Anyway, I have thoughts like those every time I hear her. Which is distracting. I suppose there’s something to be said about the arrogant British habit of pronouncing everything, every foreign name or word, with an English accent, and foreign sensibilities be damned. It at least makes for a smoother delivery, with fewer cognitive bumps in the road. (But, as I said in the previous parenthetical, one CAN pronounce things correctly without distracting, if one is really good. Maybe Ms. del Barco just has an ego thing about her name; I don’t know.)

Something just occurred to me: Maybe the president does that Tolly-Bon thing as a very subtle way of having his cake and eating it. Maybe he makes a lame stab at pronouncing it “correctly” in order to reach out to folks in other parts of the world, but does it with a painfully American accent so as not to sound too alien at home. Could it be?

9 thoughts on “Talkin’ ’bout the Tolly-Bon

  1. Kathryn Fenner

    As someone who picks up accents very easily, and speaks German with a reputedly excellent accent and has sung in many others, it is natural for me to pronounce foreign words fairly close to their original sound, if I am familiar with the language. It may strike some as show-offy or absurd, but the German poet’s name is not pronounced Gertie, Gerta or Goata–and it’s just easier to pronounce it with the German oe sound to me.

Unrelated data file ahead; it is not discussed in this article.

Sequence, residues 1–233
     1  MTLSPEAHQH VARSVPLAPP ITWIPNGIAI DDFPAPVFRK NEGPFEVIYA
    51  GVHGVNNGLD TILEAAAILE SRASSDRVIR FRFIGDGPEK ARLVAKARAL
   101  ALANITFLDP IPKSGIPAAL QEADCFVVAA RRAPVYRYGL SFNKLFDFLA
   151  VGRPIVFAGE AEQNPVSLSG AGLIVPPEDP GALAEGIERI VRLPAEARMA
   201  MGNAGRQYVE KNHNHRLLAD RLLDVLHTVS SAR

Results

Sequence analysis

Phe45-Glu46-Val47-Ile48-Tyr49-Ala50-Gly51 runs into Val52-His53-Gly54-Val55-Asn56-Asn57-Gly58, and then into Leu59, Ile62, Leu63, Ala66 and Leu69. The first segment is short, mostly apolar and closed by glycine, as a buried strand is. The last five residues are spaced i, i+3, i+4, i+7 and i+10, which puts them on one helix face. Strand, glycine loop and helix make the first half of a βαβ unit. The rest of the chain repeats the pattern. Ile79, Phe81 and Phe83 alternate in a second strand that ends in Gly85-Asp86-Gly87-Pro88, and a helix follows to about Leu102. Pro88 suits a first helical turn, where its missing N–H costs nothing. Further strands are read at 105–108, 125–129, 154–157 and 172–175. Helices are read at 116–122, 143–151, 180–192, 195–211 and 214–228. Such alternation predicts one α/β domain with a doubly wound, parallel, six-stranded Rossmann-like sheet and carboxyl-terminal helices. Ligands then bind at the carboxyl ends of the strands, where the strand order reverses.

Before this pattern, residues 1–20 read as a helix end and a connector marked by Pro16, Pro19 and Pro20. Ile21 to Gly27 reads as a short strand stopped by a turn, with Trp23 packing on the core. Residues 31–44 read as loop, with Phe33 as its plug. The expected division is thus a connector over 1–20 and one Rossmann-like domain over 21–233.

On the excellent show Dexter, set in Miami, the Cuban-Americans flawlessly speak both English and Spanish words, including saying their names with the gorgeous R and L sounds of which you speak….but they are actors, I suppose…

    1. Benjamin Bookhammer

      Actually, that one is trickier. I’ve worked in person with Iraqis and they say it either like ee-rahk OR ee-rack.

  2. Brad

    And you know, the more I think about it, the more I think the distracting thing about Mandalit del Barco is simply the way she says her NAME. Listening to that report I linked above, I appreciate her correct pronunciation of Spanish words, and it doesn’t distract. But the girl really has a thing about her name. Her tongue caresses and lingers over each syllable.

    Maybe it’s a defense mechanism triggered by all the people in her newsroom mispronouncing it.

  3. Burl Burlingame

    Military brats tend to be very attuned to accents. It’s a way of quickly fitting in.
    And Bush the Elder deliberately mispronounced Saddam’s name as a way of needling him.

  4. Susan

    While we’re on it, why do folks say Beijing as if the “j” is like “je” in French? It’s a hard “j”, like in “joe”. Mandarin Chinese doesn’t even have the French “j” sound in the language. That one has always thrown me.

  5. Kathryn Fenner

    and where do you draw the line, when you speak the language? Is it Burtold Brekt or Bare-Told Bresht or Beh-tolt Bwechhht?

    I have a Weimaraner, and I do call her a Wymah-ronner, not a Vy maRRaa neh,as does the lovely German gentleman I see all the time on the Cayce riverfront…

    Is it Reekard Vagner or Richard Wagner?

  6. Kathryn Fenner

    Maybe it depends on the setting–classical music (where many of the participants do have extensive training in foreign language pronunciation or are themselves foreign) tends to favor using the closest approximation understandable to the audience, while there may be a looser usage standard in the MSM?